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Rx For an Ailing Career Outlook:
Health Care is a Growth Industry

With the economy in seeming freefall, and companies daily announcing layoff plans, the employment picture is looking bleak for those entering the workforce, or those hit by the layoffs needing to find new jobs.

However, there is one employment sector that is continuing to show steady growth. According to Joanne Giudicelli, Talent Management Consultant and author of HIRE POWER: A Radical New Strategy for Defining and Executing Successful Hiring, the health care sector is itself one of the healthiest in terms of employment opportunities. According to Giudicelli, "As the large crop of Baby Boomers age, the need for health workers has increased. The need is not only found in the United States, but in countries throughout the world." Backing Giudicelli's statement, an August 1, 2008 report from the Bureau of Labor Statistics (BLS) stated that "employment continued to fall in construction, manufacturing, and several service-providing industries, while health care continued to add jobs."

The BLS further points out, "Employment in health care continued to increase with a gain of 33,000 in July. This industry has added 368,000 jobs over the past 12 months. In July, there were job gains of 21,000 in ambulatory health care services and 10,000 in hospitals."

Registered nurses were among the areas with the highest employment in 2007 while physician specialists and dentist specialists were among the highest paid. In the 2008-2009 Occupational Outlook Handbook (available at www.bls.gov/OCO), health care has three separate listings:

  • Professional- Health Diagnosing and Treating - 17 occupations
  • Professional - Health Technologists and Technicians - 15 occupations
  • Service- Healthcare Support - 8 occupations

Career Coach and Author Alice Fairhurst points out, "While most people are aware of the critical need for primary care physicians, physician assistants and nursing staff, many do not realize the shortage in the allied health professionals such as respiratory care practitioners, medical transcriptionists, radiographers and lab technicians. Those with the highest projected need include physical therapist assistants, dental hygienists and pharmacy technicians. Some health care providers are working with two year colleges to provide needed clinical training."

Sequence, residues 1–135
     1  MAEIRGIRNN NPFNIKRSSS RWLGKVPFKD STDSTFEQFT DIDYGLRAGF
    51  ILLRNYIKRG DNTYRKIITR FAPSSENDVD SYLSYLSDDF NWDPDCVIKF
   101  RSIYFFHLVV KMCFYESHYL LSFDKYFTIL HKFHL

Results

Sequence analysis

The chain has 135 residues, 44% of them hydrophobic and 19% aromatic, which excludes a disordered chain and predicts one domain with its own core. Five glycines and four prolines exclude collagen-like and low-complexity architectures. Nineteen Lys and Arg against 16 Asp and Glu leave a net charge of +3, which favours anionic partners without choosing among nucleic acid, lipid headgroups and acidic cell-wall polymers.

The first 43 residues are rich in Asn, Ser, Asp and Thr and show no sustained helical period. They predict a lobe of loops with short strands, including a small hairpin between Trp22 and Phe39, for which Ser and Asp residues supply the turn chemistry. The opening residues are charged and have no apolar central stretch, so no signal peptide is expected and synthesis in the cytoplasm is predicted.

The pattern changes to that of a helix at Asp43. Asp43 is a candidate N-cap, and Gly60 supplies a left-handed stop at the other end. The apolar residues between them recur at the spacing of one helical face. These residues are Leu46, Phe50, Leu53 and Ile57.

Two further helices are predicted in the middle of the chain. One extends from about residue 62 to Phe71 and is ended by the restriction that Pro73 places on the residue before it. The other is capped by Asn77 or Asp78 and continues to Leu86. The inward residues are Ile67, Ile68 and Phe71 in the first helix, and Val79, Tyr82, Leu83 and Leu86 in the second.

Mid-career workers who have lost their jobs due to downsizing are taking training to enter these fields where demand is high. And people who worked in health care in another country are getting certification in the United States to fill the need.

To help sort out the various opportunities in this growing sector, Fairhurst recommends individuals take the Keirsey Temperament Sorter which can help guide a person into which of the careers might be more satisfying.

  • Guardians (SJ's) like the stability and service aspect of health care. The STJ's prefer technical fields, such as dentist, physician, pharmacist, or lab technologist. The SFJ's prefer people contact fields, such as family physician, nurse, dental assistant or medical secretary.

  • Artisans (SP's) like action and change of pace. The STP's often are found as surgeons, emergency care workers, or medical technicians. The SFP's may be nurses, radiology technologists, medical social workers, or massage therapists.

  • Idealists (NF's) want to improve the future for others. The NFJ's may teach or administer in health settings or counsel others. The NFP's are drawn to rehabilitation, speech pathology, and social work.

  • Rationals (NT's) are the most fascinated with pure science. The NTJ's are drawn to administration, scientific analysis, medical research, or biomedical engineering. The NTP's seek the newest advances in any field and will promote and/or research new ideas.

If you're new to the workforce, looking to make a change, or have had change thrust upon you by the melting economy, the opportunities in health care are worth investigating. There is a broad range of jobs in the field, and there is sure to be at least one that offers career satisfaction to any person of any personality type.

 

Temperament and Careers

Planning Process
Finding Your Passion
Your Current Situation
Who Am I?
What Are My Options?
Evaluating Options
Creating an Action Plan

Selection Process
Informational Interviewing
The Toughest Question
Evaluating an Offer
Salary Negotiations

Succeeding On The Job
Your Boss
Dress For Success
Successful Presentations
Working From Home
Dealing With Stress
In a Shrinking Job Market

Making Changes
When to Take Risks?
Taking a Job in a New City
Who Will Get Laid Off?
Is Your Job a Poor Fit?
Networking is Key

Where the Jobs Are
Healthcare: Many Opportunities


Keirsey Products and Services
Individual Assessments
Team Assessments
Temperament Certification
One-on-one Coaching
Team Building Workshops
Company-wide Conferences

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